Director: Kim Nguyen
Tell Terrence Malick to watch Two Lovers and a Bear; that’s how it’s done. Malick is the master of pointless cinema, of well-meant dramatics and existential crises that go absolutely nowhere, that leave audiences drained of the desire to live. I, along with countless critics, want to understand, enjoy, and feel what it is he is trying to say, so we keep coming back for more, masochists who can’t escape the prison we created for ourselves. But perhaps a director has appeared with a film to light our way to freedom. That sounds and probably is over-dramatic, but that’s how I felt after watching Two Lovers, that someone had made a weird, subtle, sad, existential film that actually captivated me the way Malick either can’t or doesn’t care to do.
Roman & Lucy are a pair of modern star-crossed lovers living at the end of the Earth who want only to be together completely apart from the world, an impossibility that keeps them from true happiness. Roman is a hiding from unspeakable acts down South, working hard in a place where no one in their right mind would want to live in order to escape the pain. Lucy has demons of her own, demons that threaten her wherever shes walks, but she is convinced that leaving town, going South, making something of herself, will banish the terror for good. Inseparable in only the way that young lovers can be, Roman & Lucy will travel through the wilderness to reach a new world, one that promises more than they can dream.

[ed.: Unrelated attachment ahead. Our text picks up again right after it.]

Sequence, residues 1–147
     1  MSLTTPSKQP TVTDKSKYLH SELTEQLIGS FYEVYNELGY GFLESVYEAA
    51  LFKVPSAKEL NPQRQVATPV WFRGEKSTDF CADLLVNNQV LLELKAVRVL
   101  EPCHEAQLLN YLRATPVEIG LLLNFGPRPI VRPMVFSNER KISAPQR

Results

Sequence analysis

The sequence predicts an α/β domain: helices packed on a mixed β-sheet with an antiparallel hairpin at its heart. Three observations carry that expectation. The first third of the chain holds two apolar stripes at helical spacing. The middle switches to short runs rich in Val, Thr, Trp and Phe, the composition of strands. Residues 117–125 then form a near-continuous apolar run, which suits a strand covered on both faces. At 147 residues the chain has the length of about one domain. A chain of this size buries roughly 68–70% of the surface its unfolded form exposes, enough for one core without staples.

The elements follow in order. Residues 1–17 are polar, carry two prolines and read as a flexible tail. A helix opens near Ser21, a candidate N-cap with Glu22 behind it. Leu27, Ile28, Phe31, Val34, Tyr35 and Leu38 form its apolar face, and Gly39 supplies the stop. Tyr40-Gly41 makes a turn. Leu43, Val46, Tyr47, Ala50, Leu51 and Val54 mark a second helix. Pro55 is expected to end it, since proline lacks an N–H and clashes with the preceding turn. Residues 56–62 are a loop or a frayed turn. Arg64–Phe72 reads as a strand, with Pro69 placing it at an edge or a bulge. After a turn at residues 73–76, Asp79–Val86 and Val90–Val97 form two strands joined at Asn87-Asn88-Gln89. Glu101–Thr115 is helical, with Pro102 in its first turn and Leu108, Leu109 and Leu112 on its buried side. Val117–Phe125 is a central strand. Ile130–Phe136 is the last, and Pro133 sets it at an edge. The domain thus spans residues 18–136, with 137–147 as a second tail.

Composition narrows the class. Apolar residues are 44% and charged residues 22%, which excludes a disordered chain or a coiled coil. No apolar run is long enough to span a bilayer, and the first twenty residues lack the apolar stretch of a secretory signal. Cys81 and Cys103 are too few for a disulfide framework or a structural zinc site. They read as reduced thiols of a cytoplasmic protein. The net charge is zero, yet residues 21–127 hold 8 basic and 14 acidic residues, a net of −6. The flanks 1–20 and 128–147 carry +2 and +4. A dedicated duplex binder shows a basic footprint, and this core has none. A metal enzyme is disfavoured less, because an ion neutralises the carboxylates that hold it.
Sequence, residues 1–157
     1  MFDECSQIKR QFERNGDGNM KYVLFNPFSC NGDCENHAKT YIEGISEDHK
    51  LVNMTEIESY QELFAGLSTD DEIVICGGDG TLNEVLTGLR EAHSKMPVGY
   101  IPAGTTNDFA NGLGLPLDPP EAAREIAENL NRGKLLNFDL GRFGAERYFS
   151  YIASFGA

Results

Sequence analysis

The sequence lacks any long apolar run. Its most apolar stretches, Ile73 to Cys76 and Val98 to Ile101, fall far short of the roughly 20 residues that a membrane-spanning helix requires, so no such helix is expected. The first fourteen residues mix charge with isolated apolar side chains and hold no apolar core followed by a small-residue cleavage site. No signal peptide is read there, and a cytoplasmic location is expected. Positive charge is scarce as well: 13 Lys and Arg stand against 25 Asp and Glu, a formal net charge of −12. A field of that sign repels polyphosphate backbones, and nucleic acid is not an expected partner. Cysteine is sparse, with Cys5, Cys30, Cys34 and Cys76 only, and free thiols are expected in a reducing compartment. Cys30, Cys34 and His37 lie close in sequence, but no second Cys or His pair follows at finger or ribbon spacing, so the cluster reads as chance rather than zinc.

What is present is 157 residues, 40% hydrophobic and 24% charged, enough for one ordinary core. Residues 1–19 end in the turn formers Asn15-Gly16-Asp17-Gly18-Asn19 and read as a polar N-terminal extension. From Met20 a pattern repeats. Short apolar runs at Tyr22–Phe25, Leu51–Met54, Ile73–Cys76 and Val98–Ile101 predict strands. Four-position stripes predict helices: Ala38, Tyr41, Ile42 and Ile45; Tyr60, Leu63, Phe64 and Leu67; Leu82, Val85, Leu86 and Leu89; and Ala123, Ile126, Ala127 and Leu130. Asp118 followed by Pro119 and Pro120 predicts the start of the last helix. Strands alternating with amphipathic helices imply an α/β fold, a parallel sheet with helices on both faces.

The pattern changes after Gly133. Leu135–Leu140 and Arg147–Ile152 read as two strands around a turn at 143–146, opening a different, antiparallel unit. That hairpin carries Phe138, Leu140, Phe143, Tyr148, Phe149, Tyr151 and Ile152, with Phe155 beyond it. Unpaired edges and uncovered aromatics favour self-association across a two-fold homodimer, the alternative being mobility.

I just loved this story, and I only wanted more when it ended, the exact opposite feeling I get whenever I watch a Malick picture. Not to beat that point, but the mood here was very resemblant, the symbolism high, and the whole thing felt like what I’ve watched done badly before. But this time, it worked. The chemistry between the two main characters, the simplicity of the plot, the time spent on atmosphere, the metaphors layered throughout; I was on board from the very first and never lost my keen interest. DeHaan is quite literally the coolest dude since The Dude. He is an amazing actor, and has been on point even more lately, so much that he’s approaching Must See status. Life, A Cure for Wellness, soon to be in Tulip Fever and Valerian: the kid’s on fire. His acting is reason enough, but there are numerous other reasons to see this film, from its unique creativity to its realistic delivery, not to mention some of the harshest truths you’ll ever have to face on screen. I can’t say that Two Lovers is for everyone, but it is something special and it deserves to be noticed.
My rating: ☆ ☆ ☆ ☆